Old artesian wells are reasonably common finds on archaeological sites about the city and typically take the form of small diameter iron pipes sticking out the ground. The tops of these are often surrounded by larger diameter glazed earthenware pipes, which served as well casings or reservoir chambers to which hand pumps or taps would have sometimes been fitted. Often it’s hard to tell conclusively whether artesian wells of this form are 19th century or not. There is often very little difference in form between 19th and 20th century artesians, and, because water mains were only laid on incrementally throughout the city in the early 20th century, the sinking of artesian wells in people’s backyards continued in some places well into the 1950s. I will always remember the first artesian I found on a site. Disturbance from the digger brought forth a small trickle of tepid water (I remember it was a bloody freezing winters day and the artesian waters that came up out the ground were steaming). Left unchecked over the weekend, this artesian trickle transformed the excavation into a small lake, much to the delight of the local ducks.
Not long ago we found a brick well on a site that had an artesian pipe sticking out the middle of it, and close by, another artesian pipe sticking out of an adjacent rubbish pit. We interpreted these two artesian pipes as possible evidence of the 19th century decline of the uppermost aquifer that most of the early artesians tapped. The brick well was early – maybe 1860s (we could tell this from the bricks) so we are pretty confident that the brick well came first. Whether because the water in this well dried up or the water got fouled, it at some stage thereafter was filled in, before an artesian well was sunk down through the middle of it. Later on we suspect that the water from the artesian started to decline, so a second artesian was sunk next to it, probably to a deeper level in order to tap a more reliable aquifer. What do you think about our interpretation?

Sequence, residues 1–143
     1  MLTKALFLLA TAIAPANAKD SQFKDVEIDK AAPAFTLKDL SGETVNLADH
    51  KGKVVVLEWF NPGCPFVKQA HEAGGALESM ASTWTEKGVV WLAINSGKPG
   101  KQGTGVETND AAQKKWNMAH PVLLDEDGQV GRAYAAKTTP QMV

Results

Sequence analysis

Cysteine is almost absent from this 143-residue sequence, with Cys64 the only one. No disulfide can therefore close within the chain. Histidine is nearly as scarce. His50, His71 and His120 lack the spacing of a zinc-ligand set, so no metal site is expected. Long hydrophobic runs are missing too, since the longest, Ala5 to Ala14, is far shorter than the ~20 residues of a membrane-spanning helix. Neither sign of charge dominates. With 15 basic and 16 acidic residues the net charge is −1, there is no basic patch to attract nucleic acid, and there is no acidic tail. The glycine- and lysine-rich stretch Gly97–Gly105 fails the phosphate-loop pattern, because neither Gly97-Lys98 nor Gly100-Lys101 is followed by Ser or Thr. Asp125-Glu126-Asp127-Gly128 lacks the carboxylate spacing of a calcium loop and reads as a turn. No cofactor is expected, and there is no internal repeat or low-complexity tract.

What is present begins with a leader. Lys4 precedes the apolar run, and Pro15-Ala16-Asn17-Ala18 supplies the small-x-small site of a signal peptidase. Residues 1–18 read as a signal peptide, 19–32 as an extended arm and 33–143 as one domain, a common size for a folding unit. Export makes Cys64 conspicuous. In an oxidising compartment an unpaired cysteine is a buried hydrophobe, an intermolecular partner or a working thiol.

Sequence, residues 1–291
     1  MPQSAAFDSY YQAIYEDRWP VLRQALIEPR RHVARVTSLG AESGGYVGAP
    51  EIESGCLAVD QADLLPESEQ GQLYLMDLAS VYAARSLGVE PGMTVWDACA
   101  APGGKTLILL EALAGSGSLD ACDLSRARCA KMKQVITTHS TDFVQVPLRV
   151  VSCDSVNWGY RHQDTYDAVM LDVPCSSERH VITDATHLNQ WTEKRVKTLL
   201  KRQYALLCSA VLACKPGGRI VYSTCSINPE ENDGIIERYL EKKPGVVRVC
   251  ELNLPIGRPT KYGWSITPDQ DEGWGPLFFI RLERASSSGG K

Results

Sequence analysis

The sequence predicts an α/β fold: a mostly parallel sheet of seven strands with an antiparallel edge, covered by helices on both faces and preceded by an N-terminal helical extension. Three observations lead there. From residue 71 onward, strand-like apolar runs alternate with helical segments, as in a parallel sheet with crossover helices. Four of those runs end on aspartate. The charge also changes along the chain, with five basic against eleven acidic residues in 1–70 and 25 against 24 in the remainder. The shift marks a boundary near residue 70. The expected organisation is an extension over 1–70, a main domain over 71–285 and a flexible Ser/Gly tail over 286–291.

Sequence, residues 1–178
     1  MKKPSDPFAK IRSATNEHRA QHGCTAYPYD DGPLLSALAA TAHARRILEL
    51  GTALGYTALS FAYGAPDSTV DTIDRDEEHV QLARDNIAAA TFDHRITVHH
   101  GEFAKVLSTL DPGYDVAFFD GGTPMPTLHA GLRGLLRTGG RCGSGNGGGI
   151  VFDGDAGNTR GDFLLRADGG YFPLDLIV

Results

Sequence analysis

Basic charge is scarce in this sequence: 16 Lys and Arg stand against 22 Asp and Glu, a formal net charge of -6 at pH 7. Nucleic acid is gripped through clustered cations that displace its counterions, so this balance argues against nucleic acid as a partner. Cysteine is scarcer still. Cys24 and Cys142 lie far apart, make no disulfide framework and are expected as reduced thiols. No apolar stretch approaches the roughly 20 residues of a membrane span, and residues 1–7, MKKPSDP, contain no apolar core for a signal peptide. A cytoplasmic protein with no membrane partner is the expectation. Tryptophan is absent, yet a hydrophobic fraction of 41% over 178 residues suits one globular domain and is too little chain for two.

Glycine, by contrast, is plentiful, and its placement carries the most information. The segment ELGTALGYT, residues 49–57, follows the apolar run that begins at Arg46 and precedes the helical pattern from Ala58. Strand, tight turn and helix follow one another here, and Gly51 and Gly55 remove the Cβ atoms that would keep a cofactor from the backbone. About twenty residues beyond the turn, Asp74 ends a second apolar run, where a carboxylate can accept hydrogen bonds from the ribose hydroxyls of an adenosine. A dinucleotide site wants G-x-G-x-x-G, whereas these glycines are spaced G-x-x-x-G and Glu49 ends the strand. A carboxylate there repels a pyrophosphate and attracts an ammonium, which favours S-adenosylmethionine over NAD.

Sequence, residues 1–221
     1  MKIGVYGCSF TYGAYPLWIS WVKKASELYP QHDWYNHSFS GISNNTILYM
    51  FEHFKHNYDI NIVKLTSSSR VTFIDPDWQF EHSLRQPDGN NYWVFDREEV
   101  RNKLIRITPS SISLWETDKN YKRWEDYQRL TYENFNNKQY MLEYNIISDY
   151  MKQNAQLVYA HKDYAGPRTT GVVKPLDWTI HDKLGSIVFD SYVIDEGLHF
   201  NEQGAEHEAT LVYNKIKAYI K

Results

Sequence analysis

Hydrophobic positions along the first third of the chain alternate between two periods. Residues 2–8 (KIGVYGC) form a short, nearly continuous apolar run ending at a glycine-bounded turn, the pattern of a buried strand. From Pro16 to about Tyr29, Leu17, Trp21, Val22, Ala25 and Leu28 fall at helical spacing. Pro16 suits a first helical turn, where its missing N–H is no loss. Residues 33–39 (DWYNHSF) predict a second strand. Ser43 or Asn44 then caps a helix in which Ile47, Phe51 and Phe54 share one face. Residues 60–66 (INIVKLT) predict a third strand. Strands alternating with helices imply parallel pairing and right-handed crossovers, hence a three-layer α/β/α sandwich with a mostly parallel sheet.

I suppose that the story of how the people of early Christchurch got their water, and how this changed over time is a bit like life. In the beginning things are often easy, you don’t have to work too hard to get what you are looking for – you can find what sustains you just by scratching away at the surface a little. Sometimes however things inevitably change, (often as a result of external factors) so you have to adapt, give up on the old way of doing things and adopt new methods. Start afresh by digging a bit deeper – it can be hard going at first, but the rewards are worth it. When things change again, you just got to dig a little deeper once more, but second time around its always a little easier. Because, like a Zen master, we have learnt from previous experience that by going deeper within, while at the same time being grateful for what nature provides, you can always find a way.
Lyttelton Times [online]. Available at <http://paperspast.natlib.govt.nz/>
Weeber, J. 2000. Watering Christchurch: The story of well drilling and water suppy in Christchurch. Christchurch NZ: Environment Canterbury.